There are also real questions whether colleagues in Community and Hospital Dental Services – many of whom faced yearlong backlogs even before the seismic disruption to elective surgery – will benefit.”
“High street dentistry was the only part of the NHS that went into the pandemic operating on a lower cash budget than it did a decade ago. Government contributions to the service fell by over a third in the same period. Dentistry’s recovery will hinge on fair investment.”
Professor Liz Kay has been inaugurated as the British Dental Association’s new President.
Professor Kay will be the BDA’s 135th president and takes on the role formerly occupied by Dr Russ Ladwa.
Foundation Dean of Peninsula Dental School, Professor Kay “Was previously chair of the BDA’s Health and Science Committee and the BDA’s scientific advisor,” BDA News said.
“More recently she has been appointed as editor of the BDJ’s Evidence Based Dentistry where her mission is to bring the research community and general dental practice closer together and which now takes original publications as well as commentaries on scientific articles.”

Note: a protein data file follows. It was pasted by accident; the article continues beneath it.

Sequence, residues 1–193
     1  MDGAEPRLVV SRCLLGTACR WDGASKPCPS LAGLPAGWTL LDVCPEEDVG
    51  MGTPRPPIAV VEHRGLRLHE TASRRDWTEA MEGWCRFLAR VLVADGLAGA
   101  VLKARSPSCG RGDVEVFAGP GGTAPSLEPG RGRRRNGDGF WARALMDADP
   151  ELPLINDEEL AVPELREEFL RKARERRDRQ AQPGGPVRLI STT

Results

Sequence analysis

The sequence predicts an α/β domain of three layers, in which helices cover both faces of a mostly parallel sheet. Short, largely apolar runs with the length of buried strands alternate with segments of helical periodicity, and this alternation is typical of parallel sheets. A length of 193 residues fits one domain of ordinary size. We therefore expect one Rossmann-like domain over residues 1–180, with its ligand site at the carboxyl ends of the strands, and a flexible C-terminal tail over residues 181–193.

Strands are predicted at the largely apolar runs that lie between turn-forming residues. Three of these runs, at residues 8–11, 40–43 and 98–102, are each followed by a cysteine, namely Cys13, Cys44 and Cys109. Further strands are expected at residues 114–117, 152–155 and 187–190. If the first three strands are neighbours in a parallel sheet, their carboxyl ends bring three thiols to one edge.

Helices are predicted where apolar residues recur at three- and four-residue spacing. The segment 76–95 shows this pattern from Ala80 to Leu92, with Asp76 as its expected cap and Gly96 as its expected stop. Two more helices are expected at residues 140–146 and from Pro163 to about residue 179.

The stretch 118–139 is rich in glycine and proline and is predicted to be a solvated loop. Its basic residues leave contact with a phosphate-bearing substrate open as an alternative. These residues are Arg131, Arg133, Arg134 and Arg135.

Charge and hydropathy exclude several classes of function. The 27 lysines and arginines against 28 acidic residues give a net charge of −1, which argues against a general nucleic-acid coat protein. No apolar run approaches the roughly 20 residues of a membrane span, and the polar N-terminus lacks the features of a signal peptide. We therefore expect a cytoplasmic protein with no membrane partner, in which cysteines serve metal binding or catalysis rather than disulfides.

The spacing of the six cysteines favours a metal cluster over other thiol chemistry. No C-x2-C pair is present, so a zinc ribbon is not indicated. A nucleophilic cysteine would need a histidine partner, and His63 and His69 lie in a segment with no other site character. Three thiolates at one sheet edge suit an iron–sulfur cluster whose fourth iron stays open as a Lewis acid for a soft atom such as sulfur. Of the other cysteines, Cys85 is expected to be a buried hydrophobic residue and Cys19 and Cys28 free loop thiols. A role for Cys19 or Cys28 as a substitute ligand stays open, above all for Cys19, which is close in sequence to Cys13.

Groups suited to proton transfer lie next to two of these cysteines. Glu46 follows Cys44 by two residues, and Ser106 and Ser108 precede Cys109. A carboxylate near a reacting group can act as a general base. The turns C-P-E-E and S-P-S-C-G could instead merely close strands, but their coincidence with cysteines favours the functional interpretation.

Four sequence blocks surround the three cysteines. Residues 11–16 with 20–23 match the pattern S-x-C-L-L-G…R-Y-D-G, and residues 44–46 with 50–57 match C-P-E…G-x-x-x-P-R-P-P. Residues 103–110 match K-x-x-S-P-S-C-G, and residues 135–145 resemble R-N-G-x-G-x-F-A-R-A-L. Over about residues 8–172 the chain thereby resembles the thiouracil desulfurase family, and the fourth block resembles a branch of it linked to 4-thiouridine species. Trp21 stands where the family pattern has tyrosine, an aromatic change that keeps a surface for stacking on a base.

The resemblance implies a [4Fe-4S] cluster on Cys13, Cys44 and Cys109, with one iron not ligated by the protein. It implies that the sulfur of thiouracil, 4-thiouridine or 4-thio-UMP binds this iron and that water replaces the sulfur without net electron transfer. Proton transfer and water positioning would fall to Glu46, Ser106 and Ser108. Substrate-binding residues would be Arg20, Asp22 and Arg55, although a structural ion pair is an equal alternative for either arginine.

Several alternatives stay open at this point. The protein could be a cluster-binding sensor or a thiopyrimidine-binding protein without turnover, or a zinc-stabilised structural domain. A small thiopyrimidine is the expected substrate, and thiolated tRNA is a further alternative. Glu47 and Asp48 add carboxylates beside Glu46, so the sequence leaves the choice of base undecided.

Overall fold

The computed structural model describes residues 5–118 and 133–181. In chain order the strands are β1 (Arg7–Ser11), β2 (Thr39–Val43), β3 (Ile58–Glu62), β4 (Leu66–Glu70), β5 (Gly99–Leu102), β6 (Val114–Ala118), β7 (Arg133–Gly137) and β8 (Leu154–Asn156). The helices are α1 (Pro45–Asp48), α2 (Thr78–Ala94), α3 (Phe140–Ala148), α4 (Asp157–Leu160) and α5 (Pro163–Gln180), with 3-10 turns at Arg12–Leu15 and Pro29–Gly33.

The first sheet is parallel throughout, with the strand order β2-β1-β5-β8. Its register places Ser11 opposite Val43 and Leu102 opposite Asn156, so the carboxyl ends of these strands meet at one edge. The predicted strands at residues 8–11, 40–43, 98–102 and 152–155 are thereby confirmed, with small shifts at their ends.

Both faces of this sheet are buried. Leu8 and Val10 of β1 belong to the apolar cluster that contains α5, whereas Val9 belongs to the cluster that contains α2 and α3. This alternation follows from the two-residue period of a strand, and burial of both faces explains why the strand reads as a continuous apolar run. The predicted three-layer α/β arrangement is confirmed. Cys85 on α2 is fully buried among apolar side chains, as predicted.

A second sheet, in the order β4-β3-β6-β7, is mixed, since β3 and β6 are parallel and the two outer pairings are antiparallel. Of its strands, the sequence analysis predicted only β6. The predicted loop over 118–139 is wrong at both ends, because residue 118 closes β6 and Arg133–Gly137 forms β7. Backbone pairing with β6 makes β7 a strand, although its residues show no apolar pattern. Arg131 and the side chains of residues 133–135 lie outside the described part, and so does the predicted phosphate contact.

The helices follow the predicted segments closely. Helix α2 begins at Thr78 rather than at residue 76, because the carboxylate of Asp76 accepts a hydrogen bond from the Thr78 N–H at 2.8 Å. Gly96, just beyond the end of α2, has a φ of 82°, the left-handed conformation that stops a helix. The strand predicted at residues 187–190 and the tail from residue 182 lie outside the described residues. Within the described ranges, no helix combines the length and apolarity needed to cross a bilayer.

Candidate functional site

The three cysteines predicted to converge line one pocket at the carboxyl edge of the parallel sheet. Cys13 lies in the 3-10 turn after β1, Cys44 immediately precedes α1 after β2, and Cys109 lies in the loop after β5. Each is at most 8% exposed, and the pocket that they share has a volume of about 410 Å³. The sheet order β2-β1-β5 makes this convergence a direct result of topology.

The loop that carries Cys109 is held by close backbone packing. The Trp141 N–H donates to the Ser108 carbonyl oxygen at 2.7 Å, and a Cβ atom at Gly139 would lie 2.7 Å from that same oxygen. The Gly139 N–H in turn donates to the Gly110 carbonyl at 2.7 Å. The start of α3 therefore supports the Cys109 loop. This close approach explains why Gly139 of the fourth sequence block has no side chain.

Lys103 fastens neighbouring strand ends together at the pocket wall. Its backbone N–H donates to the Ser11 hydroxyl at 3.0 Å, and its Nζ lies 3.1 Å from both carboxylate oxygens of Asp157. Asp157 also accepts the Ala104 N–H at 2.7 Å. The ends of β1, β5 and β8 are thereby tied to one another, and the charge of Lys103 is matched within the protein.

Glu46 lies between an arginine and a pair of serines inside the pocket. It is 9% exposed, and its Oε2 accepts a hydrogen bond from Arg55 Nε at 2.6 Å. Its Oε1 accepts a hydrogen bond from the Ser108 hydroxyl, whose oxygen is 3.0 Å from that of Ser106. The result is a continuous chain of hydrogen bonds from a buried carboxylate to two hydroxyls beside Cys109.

She told BDA News “I am honoured to take up this role, notwithstanding that this is one of the most challenging times in our history. Covid has had a devastating impact not just on dentists’ livelihoods and wellbeing but also on our patients and has exacerbated pre-existing inequalities and access difficulties.
“However, I hope that the long anticipated roadmap out of Covid will focus minds on tackling these difficult issues and will result in a fairer system for patients and a more welcoming environment for dentists and their teams.
“The BDA has been working hard to raise awareness of all these issues, which are dear to my heart; I look forward to being part of this and meeting dentists around the country in the year ahead.”
Professor Kay will hold the post for two years, instead of the usual one, due to the disruption caused by the pandemic, according to BDA News.